Messianic Apologetics

Addressing the Theological and Spiritual Issues of the Broad Messianic Movement


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What is apologetics?

Apologetics is the theological discipline concerned with the defense of the faith.

Messianic Apologetics is widely concerned specifically with defense of the faith in a Messianic context, with a focus on the Scriptures of Israel, the Hebraic and Jewish Roots of the Christian faith, and unique issues and topics which emerge from a wide number of communities and assemblies which bear the label “Messianic.”

The simple, yet complex goal, of Messianic Apologetics–is not just to help today’s Messianic people–but to do the best we can to faciliate stability in an increasingly more difficult and complicated world.

This website has a wide variety of Articles, FAQ entries, and reference tools to help you in your Messianic journey and study of the Holy Scriptures.


Today’s Messianic Jewish community has the widescale conviction that it composes “the end-time move of God.” This is based in the Biblical conviction that it is actively involved in the salvation-historical trajectory of “all Israel will be saved” (Romans 11:26). A massive salvation of Jewish people is to be regarded as “life from the dead” (Romans 11:15). Given the Apostle Paul’s magnanimous burden of the salvation of his kinsfolk—“I would pray that I myself were cursed, banished from Messiah for the sake of my people—my own flesh and blood” (Romans 9:3, TLV)—everything that today’s Messianic movement does, should be with the expressed purpose of trying to enhance the mission of Jewish outreach and evangelism! Today’s Messianic movement was specifically raised up by the Lord to proclaim the good news of Israel’s Messiah to the Jewish community, and emphasize that they do not have to assimilate into a much wider non-Jewish Christianity to properly express faith in Him.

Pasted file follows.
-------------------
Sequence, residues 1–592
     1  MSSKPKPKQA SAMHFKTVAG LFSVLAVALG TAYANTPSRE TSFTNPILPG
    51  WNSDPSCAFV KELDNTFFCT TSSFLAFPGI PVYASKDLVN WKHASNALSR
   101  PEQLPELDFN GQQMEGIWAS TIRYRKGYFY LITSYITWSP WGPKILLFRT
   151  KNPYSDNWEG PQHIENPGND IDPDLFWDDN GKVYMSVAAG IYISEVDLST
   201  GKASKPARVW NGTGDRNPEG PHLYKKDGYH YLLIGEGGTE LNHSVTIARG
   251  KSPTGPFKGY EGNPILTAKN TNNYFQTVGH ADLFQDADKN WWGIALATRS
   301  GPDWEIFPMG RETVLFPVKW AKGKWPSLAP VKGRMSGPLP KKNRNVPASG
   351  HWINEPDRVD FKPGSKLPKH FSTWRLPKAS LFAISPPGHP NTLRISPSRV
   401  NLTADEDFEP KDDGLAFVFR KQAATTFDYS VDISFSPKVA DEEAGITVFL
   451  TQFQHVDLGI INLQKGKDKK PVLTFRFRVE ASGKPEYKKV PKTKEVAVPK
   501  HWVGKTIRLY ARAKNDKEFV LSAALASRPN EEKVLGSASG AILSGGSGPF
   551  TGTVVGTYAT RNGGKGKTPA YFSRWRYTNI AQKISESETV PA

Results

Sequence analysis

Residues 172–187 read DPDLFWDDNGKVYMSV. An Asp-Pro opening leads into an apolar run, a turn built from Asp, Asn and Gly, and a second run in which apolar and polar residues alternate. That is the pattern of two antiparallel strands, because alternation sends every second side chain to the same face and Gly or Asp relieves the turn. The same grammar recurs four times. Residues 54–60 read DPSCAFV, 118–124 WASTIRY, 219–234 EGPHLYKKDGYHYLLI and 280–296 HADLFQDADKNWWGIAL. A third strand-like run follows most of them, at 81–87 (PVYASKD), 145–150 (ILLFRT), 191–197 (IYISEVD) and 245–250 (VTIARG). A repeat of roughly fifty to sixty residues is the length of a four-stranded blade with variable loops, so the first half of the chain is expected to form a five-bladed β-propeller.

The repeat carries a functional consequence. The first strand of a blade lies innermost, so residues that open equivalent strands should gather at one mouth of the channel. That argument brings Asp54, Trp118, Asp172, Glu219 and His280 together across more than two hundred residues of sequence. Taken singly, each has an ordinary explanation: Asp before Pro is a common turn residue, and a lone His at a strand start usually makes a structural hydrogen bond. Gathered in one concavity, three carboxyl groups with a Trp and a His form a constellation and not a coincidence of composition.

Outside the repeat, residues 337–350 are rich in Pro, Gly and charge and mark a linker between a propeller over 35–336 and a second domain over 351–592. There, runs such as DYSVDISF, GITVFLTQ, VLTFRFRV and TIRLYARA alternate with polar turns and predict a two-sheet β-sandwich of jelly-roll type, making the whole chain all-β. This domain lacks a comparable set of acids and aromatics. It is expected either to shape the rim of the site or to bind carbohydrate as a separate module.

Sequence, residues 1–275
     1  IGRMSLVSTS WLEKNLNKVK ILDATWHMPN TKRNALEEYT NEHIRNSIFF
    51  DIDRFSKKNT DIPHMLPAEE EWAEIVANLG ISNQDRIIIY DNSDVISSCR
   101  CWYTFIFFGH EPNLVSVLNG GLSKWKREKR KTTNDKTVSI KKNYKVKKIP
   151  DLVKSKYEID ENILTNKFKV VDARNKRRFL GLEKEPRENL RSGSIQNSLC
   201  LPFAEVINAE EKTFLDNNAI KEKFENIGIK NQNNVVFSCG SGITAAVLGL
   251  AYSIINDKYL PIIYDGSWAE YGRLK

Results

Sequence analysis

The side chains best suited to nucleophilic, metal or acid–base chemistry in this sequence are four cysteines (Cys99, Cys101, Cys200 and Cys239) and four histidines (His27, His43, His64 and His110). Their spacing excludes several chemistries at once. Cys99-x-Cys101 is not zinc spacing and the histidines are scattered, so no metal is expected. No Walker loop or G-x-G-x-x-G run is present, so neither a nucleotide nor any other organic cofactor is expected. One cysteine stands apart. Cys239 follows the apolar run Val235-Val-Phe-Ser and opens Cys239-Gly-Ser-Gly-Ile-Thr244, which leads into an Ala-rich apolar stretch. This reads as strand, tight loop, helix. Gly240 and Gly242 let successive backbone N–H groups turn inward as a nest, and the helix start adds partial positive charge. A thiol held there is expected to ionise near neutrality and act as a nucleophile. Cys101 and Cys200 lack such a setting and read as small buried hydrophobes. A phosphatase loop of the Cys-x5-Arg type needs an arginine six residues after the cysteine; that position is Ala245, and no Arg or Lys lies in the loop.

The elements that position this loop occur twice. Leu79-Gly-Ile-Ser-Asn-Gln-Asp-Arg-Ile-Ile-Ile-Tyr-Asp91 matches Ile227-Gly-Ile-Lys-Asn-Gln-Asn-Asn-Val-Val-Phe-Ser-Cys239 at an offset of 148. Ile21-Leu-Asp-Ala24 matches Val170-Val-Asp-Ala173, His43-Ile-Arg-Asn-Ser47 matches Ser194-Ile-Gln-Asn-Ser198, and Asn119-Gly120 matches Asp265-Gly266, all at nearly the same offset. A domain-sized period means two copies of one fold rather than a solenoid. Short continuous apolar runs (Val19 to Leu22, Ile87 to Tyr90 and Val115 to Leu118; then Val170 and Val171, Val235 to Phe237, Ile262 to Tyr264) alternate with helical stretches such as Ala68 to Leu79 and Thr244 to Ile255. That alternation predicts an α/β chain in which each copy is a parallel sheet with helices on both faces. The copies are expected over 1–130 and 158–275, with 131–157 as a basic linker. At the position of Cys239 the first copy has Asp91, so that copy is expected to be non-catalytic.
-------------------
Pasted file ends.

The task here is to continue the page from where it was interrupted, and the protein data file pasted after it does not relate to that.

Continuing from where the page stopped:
Many non-Jewish Believers, with a sincere and genuine love for the people and Scriptures of Israel, have been legitimately called by the Lord to be active participants and co-laborers in the salvation of Israel, along with Messianic Jewish Believers. Many of these people are to be regarded as modern-day Ruths, whose loyalty to Messianic Judaism is steadfast to the point of dying with their Messianic Jewish brothers and sisters (Ruth 1:16-17). They have a distinct role to play, in provoking non-believing Jewish people to Messiah faith (Romans 11:11). More importantly, as Jewish and non-Jewish people come together in a special and unique unity, in Messiah Yeshua, they should be representing the “one new man/humanity” (Ephesians 2:15)—a testimony and snapshot of the greater redemption to come to the cosmos in the eschaton (Ephesians 1:10).